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butler

butler

butler Sentence Examples

  • Butler tries to do this.

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  • A butler took her coat.

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  • These latter the butler thrust mysteriously forward, wrapped in a napkin, from behind the next man's shoulders and whispered: "Dry Madeira"...

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  • Foka, the butler, was the most ill-tempered person in the house.

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  • Hannah looked up as the butler let her in, her smile turning to a frown.

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  • The university of Indianapolis (1896) is a loose association of three really independent institutions - the Indiana Law School (1894), the Indiana Dental College (1879), and Butler University (chartered in 1849 and opened in 1855 as the North-western Christian University, and named Butler University in 1877 in honour of Ovid Butler, a benefactor).

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  • There was no sneaking in with a butler and maid waiting at the door.

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  • MIDDLETOWN, a city of Butler county, Ohio, U.S.A., on the Miami river, 34 m.

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  • Hannah's eyes widened, and she rose, angling her past the butler and a maid dusting a painting to the second floor.

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  • Butler at New Orleans as commander of the Department of the Gulf.

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  • "Here, hand some fruit jelly to the Turk!" she ordered the butler who was handing things round.

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  • Butler captured the southern outer line of the Richmond defences on the 29th of September 1864.

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  • In the 15th century the manor was held by James Butler, earl of Ormond, after whose attainder it was granted in 1461 to Lord Hastings, who in 1474 obtained royal licence to empark 3000 acres and to build and fortify a castle.

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  • He winked at the butler, whispered directions to the footmen, and awaited each expected dish with some anxiety.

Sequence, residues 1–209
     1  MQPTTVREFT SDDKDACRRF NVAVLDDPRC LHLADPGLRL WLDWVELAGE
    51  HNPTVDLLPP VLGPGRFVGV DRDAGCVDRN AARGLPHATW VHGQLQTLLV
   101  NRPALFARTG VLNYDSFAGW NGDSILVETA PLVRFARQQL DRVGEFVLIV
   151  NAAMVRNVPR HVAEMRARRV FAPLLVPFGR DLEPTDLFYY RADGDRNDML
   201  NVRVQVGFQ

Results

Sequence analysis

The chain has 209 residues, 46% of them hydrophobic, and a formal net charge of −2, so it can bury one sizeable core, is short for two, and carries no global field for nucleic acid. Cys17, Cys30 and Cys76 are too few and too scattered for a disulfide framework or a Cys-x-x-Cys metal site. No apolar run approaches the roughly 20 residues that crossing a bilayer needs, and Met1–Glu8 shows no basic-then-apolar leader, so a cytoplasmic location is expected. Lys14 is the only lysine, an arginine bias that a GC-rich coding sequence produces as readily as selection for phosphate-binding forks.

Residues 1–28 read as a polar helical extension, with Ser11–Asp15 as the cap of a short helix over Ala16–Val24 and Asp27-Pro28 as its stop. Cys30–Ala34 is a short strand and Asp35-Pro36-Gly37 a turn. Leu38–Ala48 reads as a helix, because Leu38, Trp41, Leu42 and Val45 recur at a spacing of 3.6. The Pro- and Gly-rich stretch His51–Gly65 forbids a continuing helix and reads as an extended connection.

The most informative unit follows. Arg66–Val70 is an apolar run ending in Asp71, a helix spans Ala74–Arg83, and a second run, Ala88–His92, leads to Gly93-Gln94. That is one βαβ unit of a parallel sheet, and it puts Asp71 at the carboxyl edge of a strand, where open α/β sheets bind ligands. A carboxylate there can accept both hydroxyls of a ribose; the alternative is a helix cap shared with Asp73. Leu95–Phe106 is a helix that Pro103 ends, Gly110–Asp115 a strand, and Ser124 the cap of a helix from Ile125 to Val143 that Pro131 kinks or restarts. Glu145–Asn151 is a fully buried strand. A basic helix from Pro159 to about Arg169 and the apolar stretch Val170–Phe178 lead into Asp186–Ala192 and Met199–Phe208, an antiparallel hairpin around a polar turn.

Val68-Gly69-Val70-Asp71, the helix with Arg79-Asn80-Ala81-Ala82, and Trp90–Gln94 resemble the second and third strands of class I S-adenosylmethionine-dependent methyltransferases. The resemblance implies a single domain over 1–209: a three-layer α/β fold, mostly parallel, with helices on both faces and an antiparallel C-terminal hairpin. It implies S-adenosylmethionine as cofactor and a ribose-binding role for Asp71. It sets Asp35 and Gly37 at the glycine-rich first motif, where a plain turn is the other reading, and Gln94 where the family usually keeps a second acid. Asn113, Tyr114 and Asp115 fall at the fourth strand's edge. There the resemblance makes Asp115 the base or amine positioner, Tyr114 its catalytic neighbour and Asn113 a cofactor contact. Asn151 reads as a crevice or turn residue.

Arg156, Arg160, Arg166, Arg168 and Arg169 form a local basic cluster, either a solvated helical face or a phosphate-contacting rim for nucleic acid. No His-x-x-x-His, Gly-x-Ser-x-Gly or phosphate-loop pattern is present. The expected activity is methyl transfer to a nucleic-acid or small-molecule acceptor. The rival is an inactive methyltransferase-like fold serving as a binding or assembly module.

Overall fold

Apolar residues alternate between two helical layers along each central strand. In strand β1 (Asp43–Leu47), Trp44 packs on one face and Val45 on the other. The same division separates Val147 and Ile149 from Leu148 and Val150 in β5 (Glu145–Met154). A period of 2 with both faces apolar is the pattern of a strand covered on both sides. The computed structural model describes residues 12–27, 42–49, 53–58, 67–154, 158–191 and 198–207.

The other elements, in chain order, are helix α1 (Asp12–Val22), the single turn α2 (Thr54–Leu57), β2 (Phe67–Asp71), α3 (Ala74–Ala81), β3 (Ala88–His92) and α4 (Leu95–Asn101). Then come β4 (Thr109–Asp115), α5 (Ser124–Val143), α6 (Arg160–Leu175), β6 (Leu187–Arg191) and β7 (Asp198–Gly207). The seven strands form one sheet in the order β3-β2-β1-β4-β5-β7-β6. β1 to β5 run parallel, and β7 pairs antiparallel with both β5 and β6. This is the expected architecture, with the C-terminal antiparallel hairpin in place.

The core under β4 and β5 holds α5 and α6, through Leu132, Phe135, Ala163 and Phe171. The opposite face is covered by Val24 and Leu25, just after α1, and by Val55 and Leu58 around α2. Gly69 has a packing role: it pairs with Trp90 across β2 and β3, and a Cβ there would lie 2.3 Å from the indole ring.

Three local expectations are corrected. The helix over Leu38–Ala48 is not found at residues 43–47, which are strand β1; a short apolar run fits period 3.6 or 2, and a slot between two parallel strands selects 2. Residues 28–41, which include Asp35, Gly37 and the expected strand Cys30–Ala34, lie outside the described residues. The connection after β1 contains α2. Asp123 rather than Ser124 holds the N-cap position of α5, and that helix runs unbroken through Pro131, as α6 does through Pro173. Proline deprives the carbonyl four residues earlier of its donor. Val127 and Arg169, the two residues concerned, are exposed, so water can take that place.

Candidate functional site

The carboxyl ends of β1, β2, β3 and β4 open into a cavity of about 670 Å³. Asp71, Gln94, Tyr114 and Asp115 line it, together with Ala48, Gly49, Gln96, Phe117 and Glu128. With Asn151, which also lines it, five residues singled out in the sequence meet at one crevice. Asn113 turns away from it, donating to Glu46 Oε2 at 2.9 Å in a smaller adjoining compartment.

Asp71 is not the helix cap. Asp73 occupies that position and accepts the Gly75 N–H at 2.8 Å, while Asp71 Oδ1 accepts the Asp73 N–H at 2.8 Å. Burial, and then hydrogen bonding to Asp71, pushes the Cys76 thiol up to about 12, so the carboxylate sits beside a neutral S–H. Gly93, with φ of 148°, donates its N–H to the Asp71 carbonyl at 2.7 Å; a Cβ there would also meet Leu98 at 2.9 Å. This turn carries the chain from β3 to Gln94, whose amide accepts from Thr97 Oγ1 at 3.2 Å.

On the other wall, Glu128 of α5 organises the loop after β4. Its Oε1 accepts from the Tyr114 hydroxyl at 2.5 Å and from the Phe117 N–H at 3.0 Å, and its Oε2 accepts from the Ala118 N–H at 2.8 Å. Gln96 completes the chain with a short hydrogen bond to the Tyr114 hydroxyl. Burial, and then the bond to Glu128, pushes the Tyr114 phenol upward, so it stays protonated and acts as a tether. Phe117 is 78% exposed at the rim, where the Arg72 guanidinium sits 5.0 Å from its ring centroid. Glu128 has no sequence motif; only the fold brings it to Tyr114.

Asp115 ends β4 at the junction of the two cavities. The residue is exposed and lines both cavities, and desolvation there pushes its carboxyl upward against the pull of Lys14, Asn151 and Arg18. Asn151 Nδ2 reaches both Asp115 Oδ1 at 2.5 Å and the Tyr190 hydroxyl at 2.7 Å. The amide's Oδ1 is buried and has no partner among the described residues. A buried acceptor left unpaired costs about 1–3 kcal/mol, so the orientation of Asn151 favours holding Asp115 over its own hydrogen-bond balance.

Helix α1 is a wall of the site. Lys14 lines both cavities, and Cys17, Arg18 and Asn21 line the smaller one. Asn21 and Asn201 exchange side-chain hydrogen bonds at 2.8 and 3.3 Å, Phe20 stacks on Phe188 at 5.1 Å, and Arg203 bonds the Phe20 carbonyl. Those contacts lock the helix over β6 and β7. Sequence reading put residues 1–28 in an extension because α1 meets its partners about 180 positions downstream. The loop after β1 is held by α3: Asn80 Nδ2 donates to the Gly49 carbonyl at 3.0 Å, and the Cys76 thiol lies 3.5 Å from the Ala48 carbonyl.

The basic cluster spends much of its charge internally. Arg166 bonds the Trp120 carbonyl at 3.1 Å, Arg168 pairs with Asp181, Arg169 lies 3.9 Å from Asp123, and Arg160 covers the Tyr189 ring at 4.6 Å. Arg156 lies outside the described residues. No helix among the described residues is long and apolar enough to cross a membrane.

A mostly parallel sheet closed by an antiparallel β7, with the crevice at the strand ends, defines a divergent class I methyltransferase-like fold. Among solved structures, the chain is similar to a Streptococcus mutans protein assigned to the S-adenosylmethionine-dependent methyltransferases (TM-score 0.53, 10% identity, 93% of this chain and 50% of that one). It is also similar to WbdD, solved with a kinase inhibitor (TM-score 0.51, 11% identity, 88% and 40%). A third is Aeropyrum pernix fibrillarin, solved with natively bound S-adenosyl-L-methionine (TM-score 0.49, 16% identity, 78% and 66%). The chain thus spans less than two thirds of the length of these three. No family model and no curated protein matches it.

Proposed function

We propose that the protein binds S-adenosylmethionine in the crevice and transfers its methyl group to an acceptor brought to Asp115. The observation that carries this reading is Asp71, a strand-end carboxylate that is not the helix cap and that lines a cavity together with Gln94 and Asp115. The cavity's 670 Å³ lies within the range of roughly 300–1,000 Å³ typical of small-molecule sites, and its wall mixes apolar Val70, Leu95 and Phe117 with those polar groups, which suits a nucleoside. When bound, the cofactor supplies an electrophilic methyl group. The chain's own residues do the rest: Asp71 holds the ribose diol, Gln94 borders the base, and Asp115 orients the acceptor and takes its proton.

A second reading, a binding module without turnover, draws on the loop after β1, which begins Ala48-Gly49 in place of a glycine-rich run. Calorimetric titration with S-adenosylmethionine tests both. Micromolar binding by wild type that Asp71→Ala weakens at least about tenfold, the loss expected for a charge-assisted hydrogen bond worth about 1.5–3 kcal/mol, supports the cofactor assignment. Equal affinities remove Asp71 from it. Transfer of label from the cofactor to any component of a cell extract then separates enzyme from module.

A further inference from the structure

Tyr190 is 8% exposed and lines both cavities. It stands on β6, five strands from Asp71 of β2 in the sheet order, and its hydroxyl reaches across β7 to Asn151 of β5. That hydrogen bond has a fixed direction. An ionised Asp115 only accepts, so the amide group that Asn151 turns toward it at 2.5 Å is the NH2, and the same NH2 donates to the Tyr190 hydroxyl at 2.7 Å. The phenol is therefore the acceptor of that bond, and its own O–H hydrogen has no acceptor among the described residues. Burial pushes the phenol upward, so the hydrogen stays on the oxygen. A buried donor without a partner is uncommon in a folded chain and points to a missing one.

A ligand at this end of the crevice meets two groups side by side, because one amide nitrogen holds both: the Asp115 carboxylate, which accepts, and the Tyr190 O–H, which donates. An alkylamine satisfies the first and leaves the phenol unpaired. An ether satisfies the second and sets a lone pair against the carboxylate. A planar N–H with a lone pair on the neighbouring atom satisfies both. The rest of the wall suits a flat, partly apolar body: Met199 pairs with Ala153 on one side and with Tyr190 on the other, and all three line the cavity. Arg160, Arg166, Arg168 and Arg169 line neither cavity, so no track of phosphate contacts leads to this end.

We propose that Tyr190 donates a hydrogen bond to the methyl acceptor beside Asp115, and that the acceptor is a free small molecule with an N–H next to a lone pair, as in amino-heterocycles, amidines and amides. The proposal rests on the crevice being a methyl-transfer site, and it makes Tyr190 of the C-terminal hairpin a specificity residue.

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  • The sermons of Benjamin Hoadly (1676-1761) have a place in history, and those of Joseph Butler (1692-1752), the Rolls Sermons of 1726, have great philosophical importance.

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  • The sergeant ran up to the officer and in a frightened whisper informed him (as a butler at dinner informs his master that there is no more of some wine asked for) that there were no more charges.

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  • " Morality," as others have confessed, is " the nature of things "1 Not the Being of God is discussed - Butler will not waste words on triflers (as he thinks them) who deny that - but God's character.

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  • Butler occupied that city The navigation of the river being secured by this success and by later operations in the north ending in July 1863 with the capture of Vicksburg and Port Hudson, the state was wholly at the mercy of the Union armies.

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  • The moral interest, which is so decisive on this question in the case of Kant, dominates Bishop Butler also.

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  • Butler on the soul may be studied in chap. i.

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  • Dismissing his earlier intuitionalism, in order, like Butler, to conciliate an empiricist age, M.

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  • Deists and orthodox in those days agreed in recognizing not merely natural theology but natural religion - " essential religion," Butler more than once styles it; the expression shows how near he stood intellectually to those he criticized.

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  • Unfortunately (perhaps) Butler prefers to argue on admitted principles; holds much of his own moral belief in reserve; tries to reduce everything to a question of probable fact.

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  • Butler says nothing about incomprehensible mysteries, and protests that reason is the only ground we have to proceed upon.

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  • But by treating the atonement simply as revealed (and unexplained) matter of fact - in spite of some partial analogies in human experience, a thing essentially anomalous - Butler repeats, and applies to the moral contents of Christianity, what Aquinas said of its speculative doctrines.

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  • Enguerrand VII., sire de Coucy, count of Soissons and Marle, and chief butler of France, was sent as a hostage to England, where he married Isabel, the eldest daughter of King Edward III.

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  • And in the scientific region the great apologetic classics, like Butler, are hopelessly out of date.